My London colleague Tristan Lloyd blogged recently about the UK-based Earthquake Engineering Field Investigation Team (EEFIT), which was then busy initiating its response to the April 25 earthquake near Gorkha in Nepal. EEFIT sent observers to the region to observe earthquake damage and collect data so they could report findings to the wider engineering community.
The team, of which I was a member, consisted of 10 seismologists, geologists, and geotechnical and structural engineers. Our goal was to spend six days conducting field investigations and meet with key individuals, including national and international authorities. With such a wide area of devastation to survey, the field investigation team divided at times into small groups to cover more locations.
Visits were made to the town of Chautara about 80 km northwest of Kathmandu; Gorkha, close to the epicenter of the event; the village of Shankhu; the UNESCO World Heritage Site of Bhaktapur; and to several areas in and around Kathmandu itself. In addition, two members of the team flew with the United Nations to survey a remote hilltop village which had yet to be visited by land-based transport.
Map showing the epicenter of the earthquake and the region visited(Source: AIR)
The nature and extent of the damage encountered varied considerably. A common theme was the structural failure and collapse of residential property built of unreinforced stone masonry with clay/cement mortar-building materials common in rural areas and the older parts of towns.
Damage from the April 25 earthquake in Nepal (Source: AIR)
In Chautara we encountered extensive damage to concrete framed structures that was attributable to the failure of the structure's foundations or of the sloped terrain on which they stood. And in a few areas of Kathmandu many mid-rise (3 to 5 stories) concrete framed buildings were damaged as a result of soft story or foundation failure. But in Bhaktapur structures with concrete frames and brick infill seem to have fared comparatively well. Damage was evident, however, at several of the historic temples within the World Heritage Site at Bhaktapur, some of which had experienced total collapse.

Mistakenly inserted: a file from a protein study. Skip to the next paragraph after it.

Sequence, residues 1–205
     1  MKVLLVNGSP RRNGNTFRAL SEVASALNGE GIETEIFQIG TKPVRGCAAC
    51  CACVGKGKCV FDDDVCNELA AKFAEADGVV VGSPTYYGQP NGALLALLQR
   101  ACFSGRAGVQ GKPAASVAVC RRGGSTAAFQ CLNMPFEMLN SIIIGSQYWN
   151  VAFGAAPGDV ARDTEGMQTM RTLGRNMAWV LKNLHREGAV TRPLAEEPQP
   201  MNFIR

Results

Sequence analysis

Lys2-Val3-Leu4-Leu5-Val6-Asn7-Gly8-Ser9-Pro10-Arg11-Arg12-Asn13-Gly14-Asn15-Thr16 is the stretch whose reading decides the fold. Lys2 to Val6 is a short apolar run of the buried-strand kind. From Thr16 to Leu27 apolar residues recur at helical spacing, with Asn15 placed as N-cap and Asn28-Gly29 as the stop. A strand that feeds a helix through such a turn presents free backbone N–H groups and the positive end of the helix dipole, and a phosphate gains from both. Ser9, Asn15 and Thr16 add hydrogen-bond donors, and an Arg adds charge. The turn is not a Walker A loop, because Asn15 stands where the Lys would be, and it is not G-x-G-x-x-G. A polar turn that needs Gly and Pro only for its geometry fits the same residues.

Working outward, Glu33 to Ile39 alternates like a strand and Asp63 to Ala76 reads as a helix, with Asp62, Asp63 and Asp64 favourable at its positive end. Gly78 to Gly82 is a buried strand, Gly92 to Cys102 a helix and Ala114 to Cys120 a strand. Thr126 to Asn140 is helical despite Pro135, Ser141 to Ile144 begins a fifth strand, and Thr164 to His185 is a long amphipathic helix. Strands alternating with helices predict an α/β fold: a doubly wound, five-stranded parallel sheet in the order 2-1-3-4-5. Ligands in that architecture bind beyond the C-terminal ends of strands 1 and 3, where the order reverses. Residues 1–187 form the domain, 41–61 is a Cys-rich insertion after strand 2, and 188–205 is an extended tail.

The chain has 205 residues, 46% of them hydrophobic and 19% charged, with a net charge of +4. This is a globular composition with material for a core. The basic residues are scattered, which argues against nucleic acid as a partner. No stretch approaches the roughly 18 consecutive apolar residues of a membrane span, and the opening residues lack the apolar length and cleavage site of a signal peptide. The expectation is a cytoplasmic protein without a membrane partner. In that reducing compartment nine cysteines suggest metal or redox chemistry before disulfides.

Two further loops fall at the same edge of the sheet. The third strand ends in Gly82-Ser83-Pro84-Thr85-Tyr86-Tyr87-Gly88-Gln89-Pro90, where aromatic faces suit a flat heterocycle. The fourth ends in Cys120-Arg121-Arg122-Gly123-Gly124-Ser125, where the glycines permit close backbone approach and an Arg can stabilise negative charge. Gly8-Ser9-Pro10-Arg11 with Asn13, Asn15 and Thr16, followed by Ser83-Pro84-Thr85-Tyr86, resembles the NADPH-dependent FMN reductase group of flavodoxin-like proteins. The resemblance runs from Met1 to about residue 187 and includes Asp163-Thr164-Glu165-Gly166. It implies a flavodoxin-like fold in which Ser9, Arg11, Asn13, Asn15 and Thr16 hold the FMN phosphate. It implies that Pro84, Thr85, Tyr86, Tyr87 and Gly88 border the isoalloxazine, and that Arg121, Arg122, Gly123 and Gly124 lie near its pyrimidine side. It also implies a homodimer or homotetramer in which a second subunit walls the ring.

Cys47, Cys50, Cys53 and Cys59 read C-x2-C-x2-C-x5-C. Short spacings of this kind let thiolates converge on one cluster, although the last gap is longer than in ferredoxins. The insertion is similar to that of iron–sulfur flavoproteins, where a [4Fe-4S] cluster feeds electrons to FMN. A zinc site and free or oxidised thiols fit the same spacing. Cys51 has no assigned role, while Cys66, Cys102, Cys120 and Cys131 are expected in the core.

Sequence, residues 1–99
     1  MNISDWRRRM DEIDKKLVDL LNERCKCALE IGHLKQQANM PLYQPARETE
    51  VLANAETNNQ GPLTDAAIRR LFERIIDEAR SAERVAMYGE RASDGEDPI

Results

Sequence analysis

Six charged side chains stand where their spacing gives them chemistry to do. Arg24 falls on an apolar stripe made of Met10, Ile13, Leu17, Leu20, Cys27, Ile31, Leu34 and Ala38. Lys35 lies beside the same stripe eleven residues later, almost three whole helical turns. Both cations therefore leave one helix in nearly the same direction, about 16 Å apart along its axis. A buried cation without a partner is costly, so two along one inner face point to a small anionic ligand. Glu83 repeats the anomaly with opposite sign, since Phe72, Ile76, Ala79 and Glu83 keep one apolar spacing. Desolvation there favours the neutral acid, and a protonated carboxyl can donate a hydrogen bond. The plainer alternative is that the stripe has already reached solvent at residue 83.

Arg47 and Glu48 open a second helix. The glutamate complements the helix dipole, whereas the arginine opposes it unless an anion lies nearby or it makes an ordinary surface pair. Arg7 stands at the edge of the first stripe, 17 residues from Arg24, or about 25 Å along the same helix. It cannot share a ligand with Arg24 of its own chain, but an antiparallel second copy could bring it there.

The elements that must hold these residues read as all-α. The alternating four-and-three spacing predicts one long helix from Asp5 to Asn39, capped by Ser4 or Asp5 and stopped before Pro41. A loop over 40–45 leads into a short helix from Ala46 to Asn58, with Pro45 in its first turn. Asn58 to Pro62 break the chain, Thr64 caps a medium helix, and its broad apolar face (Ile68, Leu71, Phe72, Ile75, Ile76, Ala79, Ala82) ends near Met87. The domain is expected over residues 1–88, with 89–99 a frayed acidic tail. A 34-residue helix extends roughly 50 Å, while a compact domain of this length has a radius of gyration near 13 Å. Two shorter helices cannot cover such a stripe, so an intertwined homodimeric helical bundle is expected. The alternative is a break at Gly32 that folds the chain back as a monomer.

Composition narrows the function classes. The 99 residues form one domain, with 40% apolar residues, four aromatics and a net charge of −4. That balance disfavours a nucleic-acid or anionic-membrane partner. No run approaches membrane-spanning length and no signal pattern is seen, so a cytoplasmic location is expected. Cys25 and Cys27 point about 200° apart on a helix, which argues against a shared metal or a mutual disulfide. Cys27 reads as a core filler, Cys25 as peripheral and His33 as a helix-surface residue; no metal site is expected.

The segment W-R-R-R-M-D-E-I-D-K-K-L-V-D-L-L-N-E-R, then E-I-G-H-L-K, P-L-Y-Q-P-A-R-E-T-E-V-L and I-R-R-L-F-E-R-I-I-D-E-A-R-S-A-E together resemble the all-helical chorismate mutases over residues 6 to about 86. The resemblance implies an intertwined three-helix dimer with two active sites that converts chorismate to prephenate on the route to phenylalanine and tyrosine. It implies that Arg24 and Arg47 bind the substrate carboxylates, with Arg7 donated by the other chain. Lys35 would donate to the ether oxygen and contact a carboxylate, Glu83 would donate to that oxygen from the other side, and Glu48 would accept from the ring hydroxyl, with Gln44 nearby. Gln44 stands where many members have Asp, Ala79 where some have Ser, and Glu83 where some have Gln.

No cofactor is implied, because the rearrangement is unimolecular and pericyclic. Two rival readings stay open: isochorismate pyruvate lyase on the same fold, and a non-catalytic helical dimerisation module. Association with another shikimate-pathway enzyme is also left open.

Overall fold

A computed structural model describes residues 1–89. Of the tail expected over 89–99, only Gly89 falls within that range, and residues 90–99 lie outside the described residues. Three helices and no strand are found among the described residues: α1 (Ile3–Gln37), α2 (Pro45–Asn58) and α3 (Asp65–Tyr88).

The EEFIT team met with officials from a variety of organizations, the first of which was the Director of the Nationa Society for Earthquake Technology-Nepal (NSET) School Earthquake Safety Program. (I am proud to note that NSET is, in part, the creation of GeoHazards International, an organization on whose Board AIR's president Ming Lee sits.) NSET has retrofitted 200 schools in and around Kathmandu in recent years and, remarkably,199 of these experienced no damage in the April event;unfortunately, the same cannot be said of schools that had not undergone retrofitting.
The team also met with officials from the National Engineering Association, which has rallied 3,500 volunteers with engineering knowledge to provide visual assessment services for building owners who desire a technical opinion. Other visits were paid to the British Ambassador to Nepal, the World Bank team in Nepal, and the National Seismology center at Nepal's Department of Geology.
Finally, we met with Dip Panday, CEO of the Shikhar Insuranceco. Ltd., to ascertain the potential impact of this earthquake on the insurance industry. In Nepal, where earthquake insurance is covered under fire policies, penetration is low and exposure is largely underinsured. Indeed, what penetration is present is mostly there because coverage is required by banks when making loans. The balance sheets of a few insurance companies will suffer as they do not have adequate reinsurance, but the overall impact of the April event on the Nepalese insurance industry will likely be minimal.
Stay tuned for a more in-depth look at the damage survey findings in the upcoming July issue of AIR Currents.